December 31, 2017 marks the deadline for compliance with DFARS 252.204-7012, Safeguarding Covered Defense Information and Cyber Incident Reporting (“Cyber DFARS”). The Cyber DFARS principally requires defense contractors to provide “adequate security” on all “covered contractor information systems”––by implementing NIST SP 800-171 security safeguards––and to comply with cyber incident reporting requirements. While the Department of Defense (“DoD”) has recognized that “[t]here is no single or prescribed manner in which a contractor may choose to implement the requirements of NIST SP 800-171,” contractors must carefully document compliance with NIST SP 800-171 requirements. Failure to do so could damage a contractor’s chances of award in DoD contracts.
The purpose of NIST SP 800-171 is, among other things, “to provide federal agencies with recommended security requirements for protecting the confidentiality of CUI when the CUI is resident in a nonfederal system and organization.” Generally, controlled unclassified information––CUI––is “information that requires safeguarding or dissemination controls pursuant to and consistent with law, regulations, and Government-wide policies[.]” Under Cyber DFARS, contractors must protect “covered defense information” (which includes both CUI and “controlled technical information”) residing on the contractor’s information systems by implementing NIST SP 800-171.
The security requirements under NIST SP 800-171 are organized into “fourteen families,” including basic and derived requirements for each family. In total, the fourteen families provide 110 distinct security controls, which, typically, are tied to a contractor’s cybersecurity policies, processes, and technology configurations. While documenting compliance with all 110 cybersecurity controls in a system security plan (“SSP”) might seem daunting––and perhaps costly––savvy contractors will view Cyber DFARS compliance as an opportunity to gain a competitive advantage in DoD acquisitions.
In late September, DoD issued a memorandum regarding the various ways that an agency may assess a contractor’s compliance with Cyber DFARS. Importantly, for contractors, the memorandum advises that “agencies may consider the contractor’s [SSP] and plans of action [POA] as critical inputs to an overall risk management decision . . . and whether or not it is advisable to pursue an agreement or contract with the nonfederal organization.” In one approach, the memo explains that agencies may use SSP’s and associated POA’s to establish “compliance with [Cyber DFARS] as a separate technical evaluation factor and notifying the offeror that its approach to providing adequate security will be evaluated in the source selection process.” While there are other methods outlined in the memo, DoD’s latitude concerning the treatment of a contractor’s compliance with Cyber DFARS is something that contractors must understand at the onset of the procurement process in order to be competitive.
Complying with all 110 controls is no easy task. But, the security of unclassified yet controlled, sensitive information remains one of DoD’s top priorities. While cybersecurity is paramount for DoD, the memorandum also seems to acknowledge that contractors may not, in some cases, be able to fully comply with Cyber DFARS by December 31, stating that contractors:
[S]hould have a [SSP] in place, in addition to any associated [POA] to describe how and when any unimplemented security requirements will be met, how any planned mitigations will be implemented, and how and when they will correct deficiencies and reduce or eliminate vulnerabilities in the systems.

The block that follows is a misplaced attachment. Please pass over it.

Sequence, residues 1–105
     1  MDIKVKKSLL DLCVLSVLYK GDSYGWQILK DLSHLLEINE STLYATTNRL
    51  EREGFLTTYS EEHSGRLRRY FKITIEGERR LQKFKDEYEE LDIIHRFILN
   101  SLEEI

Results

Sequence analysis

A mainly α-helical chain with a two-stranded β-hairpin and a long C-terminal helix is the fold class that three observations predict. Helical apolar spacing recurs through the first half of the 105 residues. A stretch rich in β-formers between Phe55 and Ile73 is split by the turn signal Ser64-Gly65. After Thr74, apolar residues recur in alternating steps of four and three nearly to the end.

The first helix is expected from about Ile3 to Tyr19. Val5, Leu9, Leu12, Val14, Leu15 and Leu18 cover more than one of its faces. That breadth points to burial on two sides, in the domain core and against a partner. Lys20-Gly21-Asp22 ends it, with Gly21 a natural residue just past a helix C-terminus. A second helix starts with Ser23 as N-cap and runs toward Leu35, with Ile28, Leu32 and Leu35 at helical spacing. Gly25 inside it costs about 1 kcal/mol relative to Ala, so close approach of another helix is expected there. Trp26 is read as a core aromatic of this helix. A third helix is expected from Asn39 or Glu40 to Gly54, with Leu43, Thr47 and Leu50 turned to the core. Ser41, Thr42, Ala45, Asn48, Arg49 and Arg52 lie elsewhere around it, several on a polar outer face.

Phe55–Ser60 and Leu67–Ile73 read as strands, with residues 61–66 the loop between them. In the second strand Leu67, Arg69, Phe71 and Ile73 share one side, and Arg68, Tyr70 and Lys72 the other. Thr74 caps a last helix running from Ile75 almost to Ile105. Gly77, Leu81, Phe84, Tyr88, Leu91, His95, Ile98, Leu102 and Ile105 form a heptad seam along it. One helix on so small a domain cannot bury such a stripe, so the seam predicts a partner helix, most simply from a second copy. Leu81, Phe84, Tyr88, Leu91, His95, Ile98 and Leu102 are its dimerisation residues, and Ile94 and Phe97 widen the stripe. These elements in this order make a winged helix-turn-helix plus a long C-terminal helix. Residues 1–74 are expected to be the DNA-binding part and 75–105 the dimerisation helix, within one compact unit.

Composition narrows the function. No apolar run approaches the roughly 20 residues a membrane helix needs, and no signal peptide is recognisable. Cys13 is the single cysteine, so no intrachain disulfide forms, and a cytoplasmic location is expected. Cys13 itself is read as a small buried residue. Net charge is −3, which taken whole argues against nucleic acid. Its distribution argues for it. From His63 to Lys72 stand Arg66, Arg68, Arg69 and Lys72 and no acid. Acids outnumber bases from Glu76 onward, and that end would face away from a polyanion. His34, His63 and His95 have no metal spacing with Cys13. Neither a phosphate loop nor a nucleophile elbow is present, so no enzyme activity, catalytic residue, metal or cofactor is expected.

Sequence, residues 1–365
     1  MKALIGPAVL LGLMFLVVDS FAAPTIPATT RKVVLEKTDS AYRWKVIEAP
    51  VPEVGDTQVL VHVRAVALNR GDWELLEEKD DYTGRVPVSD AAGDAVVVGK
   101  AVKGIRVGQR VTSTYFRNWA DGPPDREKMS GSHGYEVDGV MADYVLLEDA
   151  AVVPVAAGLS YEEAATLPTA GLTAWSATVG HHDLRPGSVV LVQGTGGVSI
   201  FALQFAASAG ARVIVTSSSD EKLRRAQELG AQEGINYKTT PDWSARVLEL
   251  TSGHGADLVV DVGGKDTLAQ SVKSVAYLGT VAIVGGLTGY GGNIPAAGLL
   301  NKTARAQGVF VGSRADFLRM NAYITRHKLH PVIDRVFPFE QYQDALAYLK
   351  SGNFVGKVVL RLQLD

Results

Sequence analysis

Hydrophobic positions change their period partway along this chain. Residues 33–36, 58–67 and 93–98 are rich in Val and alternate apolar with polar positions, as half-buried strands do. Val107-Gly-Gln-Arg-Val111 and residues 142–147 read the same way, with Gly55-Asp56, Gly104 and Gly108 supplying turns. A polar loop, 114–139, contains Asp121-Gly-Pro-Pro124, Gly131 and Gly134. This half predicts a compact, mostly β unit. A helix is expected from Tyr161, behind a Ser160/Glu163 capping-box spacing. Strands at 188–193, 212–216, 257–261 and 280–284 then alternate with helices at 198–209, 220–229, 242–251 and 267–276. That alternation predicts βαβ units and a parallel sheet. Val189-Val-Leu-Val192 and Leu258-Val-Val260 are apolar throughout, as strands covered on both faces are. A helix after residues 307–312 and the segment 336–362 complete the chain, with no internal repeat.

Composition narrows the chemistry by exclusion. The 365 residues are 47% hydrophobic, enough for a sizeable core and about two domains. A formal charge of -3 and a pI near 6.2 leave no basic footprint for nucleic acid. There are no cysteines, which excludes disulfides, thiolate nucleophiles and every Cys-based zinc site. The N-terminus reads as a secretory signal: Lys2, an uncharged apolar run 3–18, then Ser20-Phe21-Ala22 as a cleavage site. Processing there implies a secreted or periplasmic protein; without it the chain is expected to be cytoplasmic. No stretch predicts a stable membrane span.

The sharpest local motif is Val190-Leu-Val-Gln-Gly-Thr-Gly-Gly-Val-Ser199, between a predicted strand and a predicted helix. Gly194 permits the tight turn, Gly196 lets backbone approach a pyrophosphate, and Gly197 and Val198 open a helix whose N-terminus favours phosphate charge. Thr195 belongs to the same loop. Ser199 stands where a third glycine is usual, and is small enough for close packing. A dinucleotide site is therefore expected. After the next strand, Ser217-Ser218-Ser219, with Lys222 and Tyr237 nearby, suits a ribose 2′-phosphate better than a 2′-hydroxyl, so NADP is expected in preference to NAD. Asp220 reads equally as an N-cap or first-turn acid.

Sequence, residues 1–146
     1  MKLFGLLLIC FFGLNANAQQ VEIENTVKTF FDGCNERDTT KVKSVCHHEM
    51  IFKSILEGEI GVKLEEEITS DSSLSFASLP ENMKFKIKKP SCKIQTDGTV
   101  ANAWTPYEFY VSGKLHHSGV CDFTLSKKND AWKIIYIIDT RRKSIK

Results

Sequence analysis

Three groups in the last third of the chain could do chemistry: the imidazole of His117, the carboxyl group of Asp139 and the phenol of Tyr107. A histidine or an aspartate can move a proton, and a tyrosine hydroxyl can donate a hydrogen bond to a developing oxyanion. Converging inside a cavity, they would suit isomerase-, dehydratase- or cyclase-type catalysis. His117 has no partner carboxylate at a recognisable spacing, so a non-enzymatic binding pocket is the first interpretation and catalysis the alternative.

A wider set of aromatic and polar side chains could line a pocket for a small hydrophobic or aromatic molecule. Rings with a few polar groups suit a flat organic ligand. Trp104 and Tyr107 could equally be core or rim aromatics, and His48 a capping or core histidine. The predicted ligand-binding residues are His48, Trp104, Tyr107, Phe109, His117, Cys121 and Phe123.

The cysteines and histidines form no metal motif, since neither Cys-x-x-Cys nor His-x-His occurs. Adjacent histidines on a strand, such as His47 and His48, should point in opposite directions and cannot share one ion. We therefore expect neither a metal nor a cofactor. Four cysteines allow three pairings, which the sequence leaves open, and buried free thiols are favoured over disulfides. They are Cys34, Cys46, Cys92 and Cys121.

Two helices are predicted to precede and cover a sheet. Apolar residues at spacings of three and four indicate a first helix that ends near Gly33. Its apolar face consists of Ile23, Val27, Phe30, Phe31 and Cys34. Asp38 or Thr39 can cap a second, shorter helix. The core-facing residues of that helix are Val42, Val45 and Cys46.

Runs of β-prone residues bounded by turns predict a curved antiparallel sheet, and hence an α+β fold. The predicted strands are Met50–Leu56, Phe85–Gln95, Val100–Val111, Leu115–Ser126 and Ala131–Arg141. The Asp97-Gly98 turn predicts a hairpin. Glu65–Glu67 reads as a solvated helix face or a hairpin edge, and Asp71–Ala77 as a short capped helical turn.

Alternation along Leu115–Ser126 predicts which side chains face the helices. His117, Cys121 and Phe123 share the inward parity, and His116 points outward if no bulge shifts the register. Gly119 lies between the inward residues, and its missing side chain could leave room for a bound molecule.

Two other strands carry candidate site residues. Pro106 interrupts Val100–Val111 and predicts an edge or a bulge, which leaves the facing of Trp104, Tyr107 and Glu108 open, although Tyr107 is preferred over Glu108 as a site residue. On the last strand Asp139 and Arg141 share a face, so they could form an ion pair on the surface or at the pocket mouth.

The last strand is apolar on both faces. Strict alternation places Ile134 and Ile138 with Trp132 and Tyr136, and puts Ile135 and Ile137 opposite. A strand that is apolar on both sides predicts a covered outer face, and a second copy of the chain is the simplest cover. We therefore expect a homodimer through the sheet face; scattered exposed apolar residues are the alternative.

Notwithstanding this language, contractors shouldn’t waste time complying with Cyber DFARS obligations. Failure to do so could damage your chances for award. Remember, DoD contracting officers and source selection teams are allowed to consider a contractor’s compliance with Cyber DFARS and the NIST SP 800-171 requirements as part of the source selection process. Savvy contractors understand that agencies have wide discretion in their decision-making authority and that clearly documented SSP’s and associated POA’s can provide a competitive advantage should the procuring agency decide to include Cyber DFARS compliance as an independent technical evaluation factor.
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 See, DFARS 252.204-7012(b)(2)(ii)(A).
 See generally, DFARS 252.204-7012.
 See, Office of the Undersecretary of Defense Memorandum, Implementation of DFARS Clause 252.204-7012, Safeguarding Covered Defense Information and Cyber Incident Reporting (September 21, 2017), available at https://www.acq.osd.mil/dpap/policy/policyvault/USA002829-17-DPAP.pdf.
 NIST Special Publication 800-171 Revision 1, Protecting Controlled Unclassified Information in Nonfederal Systems and Organizations, at 2, available at http://nvlpubs.nist.gov/nistpubs/SpecialPublications/NIST.SP.800-171r1.pdf.
 See, Exec. Order. No. 13556, 75 Fed. Reg. 68675 (Nov. 4, 2010).
 See, DFARS 252.204-7012(a) (“Covered Defense Information means “means unclassified controlled technical information or other information, as described in the Controlled Unclassified Information (CUI) Registry[.]”).
 DoD (via DFARS and other guidance) is often seen as the impetus for change in civilian acquisition policy and regulation, particularly in the world of cybersecurity. Therefore, it’s possible that contractors will encounter civilian agency regulations similar to Cyber DFARS at some point in the future.
 See supra, note 3.
 Id. at 4.
 Id. at 3.
 Clearly documented SSP’s and associated POA’s may also help the contractor in a bid protest related to its––or a competitor’s––compliance efforts.
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